Colombia Nabs Argentina-Based Money Launderer

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Authorities in Colombia have captured a man they said was the main Argentina-based connection for Colombian organized crime, who is accused of laundering huge amounts of money on behalf of several major crime bosses.

On January 15, Colombian prosecutors and international police agency Interpol coordinated the arrest of Alejandro Gracia Alvarez, alias “Gato Seco,” in capital city Bogota, according to a press release from the Attorney General’s Office. Gato Seco allegedly formed part of a criminal organization dedicated to drug trafficking and money laundering in the Southern Cone region.

Gato Seco got his start in 2003 when his brother-in-law, Juan Carlos Ramirez Abadia, alias “Chupeta,” a leader of the now-defunct Norte del Valle Cartel, sent him to Argentina to found several front companies and buy up properties, according to a US agent interviewed by El Tiempo. Over the years, Gato Seco allegedly handled the Argentinean financial operations of at least a dozen major Colombian crime bosses, including Ignacio Alvarez Meyendorff, Daniel “El Loco” Barrera, Henry de Jesus Lopez, alias “Mi Sangre,” and Luis Caicedo, alias “Don Lucho” (pictured below, left to right).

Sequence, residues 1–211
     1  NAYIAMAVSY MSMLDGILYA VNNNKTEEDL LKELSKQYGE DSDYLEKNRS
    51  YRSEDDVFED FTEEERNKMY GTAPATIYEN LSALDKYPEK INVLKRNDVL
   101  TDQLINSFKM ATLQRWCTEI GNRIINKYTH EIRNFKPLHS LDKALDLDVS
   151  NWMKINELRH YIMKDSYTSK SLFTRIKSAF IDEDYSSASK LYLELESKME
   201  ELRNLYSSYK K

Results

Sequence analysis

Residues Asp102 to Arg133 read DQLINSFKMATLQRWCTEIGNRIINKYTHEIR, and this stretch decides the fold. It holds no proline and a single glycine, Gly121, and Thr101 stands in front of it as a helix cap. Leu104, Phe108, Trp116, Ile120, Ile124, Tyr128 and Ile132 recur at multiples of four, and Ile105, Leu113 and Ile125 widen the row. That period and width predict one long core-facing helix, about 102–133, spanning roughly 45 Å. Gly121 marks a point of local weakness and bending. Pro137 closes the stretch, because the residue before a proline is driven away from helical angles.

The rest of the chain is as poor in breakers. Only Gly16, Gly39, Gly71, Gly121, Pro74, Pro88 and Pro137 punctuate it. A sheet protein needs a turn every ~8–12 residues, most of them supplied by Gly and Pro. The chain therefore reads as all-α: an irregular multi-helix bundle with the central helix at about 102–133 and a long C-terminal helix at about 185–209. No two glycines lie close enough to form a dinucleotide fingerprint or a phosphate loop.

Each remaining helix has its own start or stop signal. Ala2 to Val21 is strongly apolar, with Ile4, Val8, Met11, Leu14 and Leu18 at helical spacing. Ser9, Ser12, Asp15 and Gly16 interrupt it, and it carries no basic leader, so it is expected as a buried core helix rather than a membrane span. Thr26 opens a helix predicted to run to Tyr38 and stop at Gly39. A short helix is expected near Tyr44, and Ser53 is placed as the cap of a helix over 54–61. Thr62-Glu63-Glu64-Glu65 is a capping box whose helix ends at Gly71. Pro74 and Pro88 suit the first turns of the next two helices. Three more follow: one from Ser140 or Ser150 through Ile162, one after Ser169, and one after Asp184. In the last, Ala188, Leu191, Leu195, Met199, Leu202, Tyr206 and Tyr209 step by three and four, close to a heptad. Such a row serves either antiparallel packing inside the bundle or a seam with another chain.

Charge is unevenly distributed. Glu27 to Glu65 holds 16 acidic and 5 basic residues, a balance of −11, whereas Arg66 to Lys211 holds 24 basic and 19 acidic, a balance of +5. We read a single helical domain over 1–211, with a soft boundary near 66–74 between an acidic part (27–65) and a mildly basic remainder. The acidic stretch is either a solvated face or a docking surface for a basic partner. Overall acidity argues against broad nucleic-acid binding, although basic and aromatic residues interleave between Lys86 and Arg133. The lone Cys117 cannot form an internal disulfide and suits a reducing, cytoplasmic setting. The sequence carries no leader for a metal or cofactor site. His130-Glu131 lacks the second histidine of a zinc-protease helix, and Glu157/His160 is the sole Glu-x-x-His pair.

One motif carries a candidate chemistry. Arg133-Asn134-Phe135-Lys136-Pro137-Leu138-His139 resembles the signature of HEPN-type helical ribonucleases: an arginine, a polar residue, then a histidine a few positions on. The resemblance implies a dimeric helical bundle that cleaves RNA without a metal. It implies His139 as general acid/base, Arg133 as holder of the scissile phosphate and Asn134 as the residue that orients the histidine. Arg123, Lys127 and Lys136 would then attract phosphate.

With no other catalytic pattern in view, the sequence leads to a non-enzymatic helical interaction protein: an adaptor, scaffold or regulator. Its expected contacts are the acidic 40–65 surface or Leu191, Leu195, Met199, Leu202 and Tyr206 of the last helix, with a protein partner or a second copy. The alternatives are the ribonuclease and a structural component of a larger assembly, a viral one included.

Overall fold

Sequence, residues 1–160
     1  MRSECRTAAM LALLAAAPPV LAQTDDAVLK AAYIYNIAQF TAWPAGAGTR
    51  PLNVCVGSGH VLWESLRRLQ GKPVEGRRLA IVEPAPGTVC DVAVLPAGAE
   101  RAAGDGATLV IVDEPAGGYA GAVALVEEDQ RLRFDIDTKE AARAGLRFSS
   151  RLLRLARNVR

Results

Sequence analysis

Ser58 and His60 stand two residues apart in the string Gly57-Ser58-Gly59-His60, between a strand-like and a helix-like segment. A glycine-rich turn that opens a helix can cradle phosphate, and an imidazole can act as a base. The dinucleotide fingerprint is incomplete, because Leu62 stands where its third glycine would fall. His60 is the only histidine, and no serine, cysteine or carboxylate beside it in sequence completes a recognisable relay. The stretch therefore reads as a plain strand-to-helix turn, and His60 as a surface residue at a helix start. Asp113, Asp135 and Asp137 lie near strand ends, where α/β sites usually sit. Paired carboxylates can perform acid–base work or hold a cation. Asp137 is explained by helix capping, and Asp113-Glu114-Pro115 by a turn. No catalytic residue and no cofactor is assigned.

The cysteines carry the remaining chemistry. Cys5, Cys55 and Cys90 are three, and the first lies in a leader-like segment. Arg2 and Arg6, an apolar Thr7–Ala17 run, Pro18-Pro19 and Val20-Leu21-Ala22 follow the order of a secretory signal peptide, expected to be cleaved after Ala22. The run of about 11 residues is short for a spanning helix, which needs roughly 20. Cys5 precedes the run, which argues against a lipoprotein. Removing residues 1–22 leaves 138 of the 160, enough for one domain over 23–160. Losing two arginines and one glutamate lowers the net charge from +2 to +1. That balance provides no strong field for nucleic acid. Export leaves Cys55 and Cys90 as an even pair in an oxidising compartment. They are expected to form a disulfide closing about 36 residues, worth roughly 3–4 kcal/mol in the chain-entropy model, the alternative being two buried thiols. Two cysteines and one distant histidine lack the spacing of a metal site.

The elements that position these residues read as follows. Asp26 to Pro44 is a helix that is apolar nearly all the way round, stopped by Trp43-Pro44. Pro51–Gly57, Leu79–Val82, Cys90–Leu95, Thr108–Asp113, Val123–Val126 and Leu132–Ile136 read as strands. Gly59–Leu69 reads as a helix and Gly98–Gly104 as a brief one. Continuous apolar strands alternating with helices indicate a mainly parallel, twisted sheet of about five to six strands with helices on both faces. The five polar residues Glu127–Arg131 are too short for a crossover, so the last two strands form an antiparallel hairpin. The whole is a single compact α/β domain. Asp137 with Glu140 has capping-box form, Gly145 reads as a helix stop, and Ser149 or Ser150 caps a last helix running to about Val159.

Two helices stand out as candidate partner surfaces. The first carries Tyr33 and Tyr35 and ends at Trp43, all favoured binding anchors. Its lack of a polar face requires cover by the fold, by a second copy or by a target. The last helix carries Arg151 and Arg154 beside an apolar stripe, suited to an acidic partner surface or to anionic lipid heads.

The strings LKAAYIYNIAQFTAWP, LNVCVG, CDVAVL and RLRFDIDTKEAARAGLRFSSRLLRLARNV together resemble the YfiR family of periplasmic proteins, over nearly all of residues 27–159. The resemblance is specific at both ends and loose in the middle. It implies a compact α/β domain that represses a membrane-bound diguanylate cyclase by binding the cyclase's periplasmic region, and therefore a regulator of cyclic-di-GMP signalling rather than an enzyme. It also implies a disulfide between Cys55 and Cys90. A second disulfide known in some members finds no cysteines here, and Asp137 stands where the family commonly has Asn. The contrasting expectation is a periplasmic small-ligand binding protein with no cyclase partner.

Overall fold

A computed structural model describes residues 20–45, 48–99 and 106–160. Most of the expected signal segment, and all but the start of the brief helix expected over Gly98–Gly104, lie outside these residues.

15-01-20-MoneyLaundererColombia

Using contacts in Colombia’s migration agency and a network of front companies, Gato Seco allegedly facilitated the entry of Colombian drug traffickers into Argentina, provided the crime bosses with fake identity documents, and laundered their money, reported El Tiempo. Gato Seco laundered over $900 million in drug trafficking proceeds just for Alvarez Meyendorff alone, according to the Attorney General’s Office.

Gato Seco is wanted in Argentina on various charges, including drug trafficking and possession, money laundering, and carrying weapons.

InSight Crime Analysis

Gato Seco has allegedly worked with a large number of Colombia’s major crime bosses, crossing criminal lines to conduct financial operations for leaders from rival groups. His capture could put several different criminal organizations at risk, should Gato Seco decide to collaborate with authorities and share information about hidden criminal assets.

Argentina has long been a favorite hideout for Colombian criminals and a hub for laundering their dirty cash. Argentina’s role as a drug transit nation and its lucrative domestic cocaine market make the country an attractive base of operations for foreign drug traffickers, who can use the proceeds from local drug sales to fund transnational shipments.

SEE ALSO: Coverage of Argentina

Several of Gato Seco’s high-level contacts fled to Argentina before they were captured. Alvarez Meyendorff, an alleged former Norte del Valle Cartel member and the financial operator of a criminal network that included El Loco Barrera and Don Lucho, was captured in Buenos Aires in 2011, a year after Don Lucho was arrested in the same city. Mi Sangre, who was once a major figure in both Medellin’s Oficina de Envigado and the Urabeños, was detained in Argentina in 2012. El Loco Barrera’s ex-wife was captured in Argentina the same year. 

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